photo: Todd Woody
In The New York Times on April 12, I wrote about San Francisco International Airport’s new “green” terminal:
SAN FRANCISCO — If the prospect of flying holds all the appeal of a cross-country bus trip, the $6,500, lipstick-red leather Egg chairs at San Francisco International Airport’s Terminal 2 are intended to return some long-lost glamour to air travel.
Enlarge This Image
More Standard Hotel than standard airport gateway, T2, as it is known here, is one of the few terminals renovated top to bottom since the 9/11 terrorist attacks and represents an ambitious attempt by the airport and airlines to take both stress and carbon out of air travel. The $383 million renovation gutted a drab 1950s-era building that last served as the international terminal before being shuttered more than a decade ago. Even compared with more contemporary terminals at San Francisco International, T2 represents a new approach to airport design. It opens on Thursday.
“It’s about the intersection between passenger delight and bringing back the joy of flying with the high-performance building aspects,” said Melissa Mizell, a senior associate with Gensler, the San Francisco firm that designed the renovation. “That really guided a lot of our decisions, even with sustainability.”
The words delight, joy and flying do not usually appear in the same sentence. But airport officials, airlines and architects said that they put as much emphasis on redefining the travel experience as on lessening its environmental impact.
“We wanted this to feel like a San Francisco terminal and not a terminal anywhere else in the world,” Raymond Quesada, an airport project manager, said as he stood in the soaring, light- and art-filled ticket lobby shared by Virgin America and American Airlines, the terminal’s two tenants.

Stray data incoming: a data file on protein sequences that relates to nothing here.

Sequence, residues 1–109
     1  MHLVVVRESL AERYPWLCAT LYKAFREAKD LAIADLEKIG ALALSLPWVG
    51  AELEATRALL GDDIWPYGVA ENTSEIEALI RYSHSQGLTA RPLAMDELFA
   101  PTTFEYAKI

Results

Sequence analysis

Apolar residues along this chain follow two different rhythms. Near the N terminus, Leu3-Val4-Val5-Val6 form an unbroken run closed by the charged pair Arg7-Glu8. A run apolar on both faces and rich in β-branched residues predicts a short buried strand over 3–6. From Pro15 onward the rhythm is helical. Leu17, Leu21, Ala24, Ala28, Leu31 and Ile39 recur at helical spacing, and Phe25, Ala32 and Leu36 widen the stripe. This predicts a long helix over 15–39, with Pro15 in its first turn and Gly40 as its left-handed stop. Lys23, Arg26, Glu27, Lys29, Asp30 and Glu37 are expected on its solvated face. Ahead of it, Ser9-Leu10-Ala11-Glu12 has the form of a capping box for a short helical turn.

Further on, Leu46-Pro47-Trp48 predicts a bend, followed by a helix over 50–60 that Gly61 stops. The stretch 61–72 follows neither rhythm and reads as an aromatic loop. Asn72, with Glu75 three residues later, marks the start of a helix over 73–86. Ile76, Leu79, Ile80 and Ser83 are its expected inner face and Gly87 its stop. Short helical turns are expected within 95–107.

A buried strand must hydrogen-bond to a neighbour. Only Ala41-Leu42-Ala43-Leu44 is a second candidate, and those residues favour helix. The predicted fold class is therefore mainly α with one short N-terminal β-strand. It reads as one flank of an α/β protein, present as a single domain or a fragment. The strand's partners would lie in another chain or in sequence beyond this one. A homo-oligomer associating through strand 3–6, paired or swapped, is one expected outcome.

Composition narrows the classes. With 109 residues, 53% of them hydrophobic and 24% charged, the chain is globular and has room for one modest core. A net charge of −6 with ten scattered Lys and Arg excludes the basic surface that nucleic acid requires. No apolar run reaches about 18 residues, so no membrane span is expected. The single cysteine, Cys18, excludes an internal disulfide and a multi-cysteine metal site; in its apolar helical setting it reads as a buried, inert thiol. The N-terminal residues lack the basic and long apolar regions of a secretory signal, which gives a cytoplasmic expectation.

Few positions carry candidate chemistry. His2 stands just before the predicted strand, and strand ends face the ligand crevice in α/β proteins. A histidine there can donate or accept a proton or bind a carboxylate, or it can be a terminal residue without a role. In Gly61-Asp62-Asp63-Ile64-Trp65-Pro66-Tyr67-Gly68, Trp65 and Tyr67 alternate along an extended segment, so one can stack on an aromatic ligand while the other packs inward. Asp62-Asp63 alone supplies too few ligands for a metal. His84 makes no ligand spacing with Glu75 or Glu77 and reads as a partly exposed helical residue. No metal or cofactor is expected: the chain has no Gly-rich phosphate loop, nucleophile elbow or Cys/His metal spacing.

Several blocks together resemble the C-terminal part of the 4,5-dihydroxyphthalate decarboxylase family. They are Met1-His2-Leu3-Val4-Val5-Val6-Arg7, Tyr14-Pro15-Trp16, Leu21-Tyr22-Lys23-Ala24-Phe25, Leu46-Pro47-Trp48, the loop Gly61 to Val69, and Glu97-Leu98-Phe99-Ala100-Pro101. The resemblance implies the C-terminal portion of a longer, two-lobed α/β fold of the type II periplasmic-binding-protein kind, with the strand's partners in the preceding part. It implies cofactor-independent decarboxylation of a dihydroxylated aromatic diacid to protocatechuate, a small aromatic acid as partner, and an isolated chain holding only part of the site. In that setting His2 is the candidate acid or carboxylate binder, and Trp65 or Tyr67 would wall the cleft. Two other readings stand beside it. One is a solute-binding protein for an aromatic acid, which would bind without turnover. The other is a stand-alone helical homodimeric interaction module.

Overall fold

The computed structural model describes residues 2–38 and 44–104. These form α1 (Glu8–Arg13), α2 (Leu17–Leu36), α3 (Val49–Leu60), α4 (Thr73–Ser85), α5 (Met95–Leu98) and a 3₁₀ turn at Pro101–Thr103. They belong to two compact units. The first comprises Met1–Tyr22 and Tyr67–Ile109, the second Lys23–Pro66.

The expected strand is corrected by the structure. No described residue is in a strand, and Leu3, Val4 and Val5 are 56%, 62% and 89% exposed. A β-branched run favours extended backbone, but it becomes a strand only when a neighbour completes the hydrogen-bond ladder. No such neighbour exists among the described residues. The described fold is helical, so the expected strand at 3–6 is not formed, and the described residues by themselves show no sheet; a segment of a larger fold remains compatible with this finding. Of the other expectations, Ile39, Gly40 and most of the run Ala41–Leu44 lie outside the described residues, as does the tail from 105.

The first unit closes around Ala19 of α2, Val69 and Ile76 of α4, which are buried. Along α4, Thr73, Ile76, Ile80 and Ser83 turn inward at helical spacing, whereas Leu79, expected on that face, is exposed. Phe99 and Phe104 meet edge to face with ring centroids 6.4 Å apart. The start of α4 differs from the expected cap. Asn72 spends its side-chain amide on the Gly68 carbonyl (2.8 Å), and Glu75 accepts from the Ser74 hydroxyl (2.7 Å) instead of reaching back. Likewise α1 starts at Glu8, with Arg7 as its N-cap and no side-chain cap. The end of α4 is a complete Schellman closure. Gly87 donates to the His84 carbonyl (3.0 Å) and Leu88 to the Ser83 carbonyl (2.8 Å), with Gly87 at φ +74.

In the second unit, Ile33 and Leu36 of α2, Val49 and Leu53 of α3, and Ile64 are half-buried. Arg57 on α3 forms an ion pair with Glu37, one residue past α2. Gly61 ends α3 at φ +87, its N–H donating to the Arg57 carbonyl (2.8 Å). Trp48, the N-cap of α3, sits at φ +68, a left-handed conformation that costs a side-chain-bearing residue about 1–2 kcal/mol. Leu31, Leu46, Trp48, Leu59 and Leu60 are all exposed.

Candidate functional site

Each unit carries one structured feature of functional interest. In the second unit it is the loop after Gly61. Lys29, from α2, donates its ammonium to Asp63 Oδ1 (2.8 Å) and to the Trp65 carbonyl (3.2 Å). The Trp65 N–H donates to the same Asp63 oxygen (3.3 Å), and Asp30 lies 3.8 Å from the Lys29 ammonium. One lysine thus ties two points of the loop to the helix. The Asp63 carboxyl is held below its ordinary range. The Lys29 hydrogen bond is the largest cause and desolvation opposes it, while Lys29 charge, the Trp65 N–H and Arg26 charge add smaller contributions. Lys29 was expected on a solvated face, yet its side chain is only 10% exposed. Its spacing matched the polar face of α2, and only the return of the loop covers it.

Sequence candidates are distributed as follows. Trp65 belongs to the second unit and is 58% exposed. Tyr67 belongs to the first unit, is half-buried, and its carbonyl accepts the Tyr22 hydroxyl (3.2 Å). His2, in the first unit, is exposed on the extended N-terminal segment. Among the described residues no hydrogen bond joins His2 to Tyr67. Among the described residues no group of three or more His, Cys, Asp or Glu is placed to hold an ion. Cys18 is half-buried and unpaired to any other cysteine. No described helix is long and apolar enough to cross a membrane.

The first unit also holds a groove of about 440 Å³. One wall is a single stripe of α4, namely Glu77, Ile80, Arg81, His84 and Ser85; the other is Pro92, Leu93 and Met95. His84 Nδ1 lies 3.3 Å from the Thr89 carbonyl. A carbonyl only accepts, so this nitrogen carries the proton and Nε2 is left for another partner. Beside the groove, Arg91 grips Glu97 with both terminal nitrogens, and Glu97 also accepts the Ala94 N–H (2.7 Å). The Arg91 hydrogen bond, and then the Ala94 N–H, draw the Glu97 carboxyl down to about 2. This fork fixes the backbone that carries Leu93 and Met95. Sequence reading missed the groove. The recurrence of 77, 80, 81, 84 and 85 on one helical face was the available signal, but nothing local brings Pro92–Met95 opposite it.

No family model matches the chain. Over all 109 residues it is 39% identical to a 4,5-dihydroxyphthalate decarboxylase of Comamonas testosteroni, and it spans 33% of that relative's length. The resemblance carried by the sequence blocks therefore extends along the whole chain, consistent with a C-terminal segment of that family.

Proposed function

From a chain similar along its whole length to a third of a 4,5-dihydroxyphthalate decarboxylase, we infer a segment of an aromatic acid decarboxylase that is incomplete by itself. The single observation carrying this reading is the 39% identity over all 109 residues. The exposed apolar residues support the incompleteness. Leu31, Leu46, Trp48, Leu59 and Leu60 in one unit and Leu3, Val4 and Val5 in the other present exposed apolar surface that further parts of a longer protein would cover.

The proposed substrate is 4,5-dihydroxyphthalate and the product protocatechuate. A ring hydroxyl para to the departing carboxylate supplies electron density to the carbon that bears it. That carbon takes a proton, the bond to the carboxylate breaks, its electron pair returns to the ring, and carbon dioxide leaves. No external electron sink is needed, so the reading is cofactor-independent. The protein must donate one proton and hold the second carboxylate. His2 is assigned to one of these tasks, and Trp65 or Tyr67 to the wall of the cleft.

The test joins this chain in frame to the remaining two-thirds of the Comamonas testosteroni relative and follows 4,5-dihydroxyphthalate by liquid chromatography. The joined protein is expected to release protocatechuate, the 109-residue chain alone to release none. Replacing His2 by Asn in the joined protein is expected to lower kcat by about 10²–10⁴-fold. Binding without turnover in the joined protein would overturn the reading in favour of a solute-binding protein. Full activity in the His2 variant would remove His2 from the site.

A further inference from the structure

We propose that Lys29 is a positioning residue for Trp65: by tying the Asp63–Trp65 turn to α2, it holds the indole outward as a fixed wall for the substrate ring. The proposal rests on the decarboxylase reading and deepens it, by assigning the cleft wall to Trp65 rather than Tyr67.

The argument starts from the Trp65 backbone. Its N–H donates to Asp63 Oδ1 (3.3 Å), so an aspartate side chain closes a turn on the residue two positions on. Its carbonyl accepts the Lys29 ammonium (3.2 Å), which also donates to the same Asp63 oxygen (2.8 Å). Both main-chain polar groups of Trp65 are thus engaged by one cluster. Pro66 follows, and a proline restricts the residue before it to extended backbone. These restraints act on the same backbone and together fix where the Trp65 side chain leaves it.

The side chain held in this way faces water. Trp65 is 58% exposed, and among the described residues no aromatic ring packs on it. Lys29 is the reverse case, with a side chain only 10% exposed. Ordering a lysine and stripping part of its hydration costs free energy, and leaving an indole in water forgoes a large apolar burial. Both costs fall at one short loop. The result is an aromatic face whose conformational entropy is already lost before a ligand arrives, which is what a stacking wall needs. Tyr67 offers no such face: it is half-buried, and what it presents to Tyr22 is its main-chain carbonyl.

Those San Francisco values include a city mandate to achieve at least LEED Silver status for the renovation. LEED — Leadership in Energy and Environmental Design — is a rating system administrated by the United States Green Building Council that ranks structures according to points earned for energy efficiency, water conservation and other environmentally beneficial attributes.
Airport officials intend to apply for LEED Gold certification, and if it is awarded, T2 will be the first airport terminal in the United States to achieve such a ranking, according to Ashley Katz, a spokeswoman for the building council.
Drivers of hybrid and electric cars get preferential parking in the nearby garage, and there are vehicle-charging stations for the electric cars. Cool air seeps from perforated white wall panels in the terminal rather than being forced down from the ceiling. The system, called displacement ventilation, cuts energy use by 20 percent because the air does not need to be cooled as much since it displaces the rising warmer air, Mr. Quesada said.
Reclaimed water is pumped into the restrooms, reducing water consumption by 40 percent. The abundant natural light through walls of windows makes most daytime artificial lighting unnecessary.
Passengers are encouraged to carry reusable bottles and fill them at blue “hydration stations” in the terminal rather than buy throwaway bottled water.
“Originally, we were considering banning the sale of bottled water, but we got a lot of pushback from the concessionaires,” Mr. Quesada said. “But they are required to sell more environmentally friendly plastic bottles. But again, we’re hoping they won’t have to do that and people will bring their own bottles to the airport.”
Under their leases, food sellers must use utensils and packaging that can be composted, and compost bins are prominently displayed in the terminal. The airport scores more LEED points for making the green experience educational through signs and even a mobile phone tour.
But passengers will probably pay most attention to the terminal’s food, fashion and flow, all of which reflect the esthetic of Virgin America, which has its headquarters in San Francisco.
The neon mood lighting found on Virgin planes is mirrored in the lobbylike ticketing area, where pods of those high-backed, Danish-designed Egg chairs are clustered around sculptures and paintings by local artists.
You can read the rest of the story here.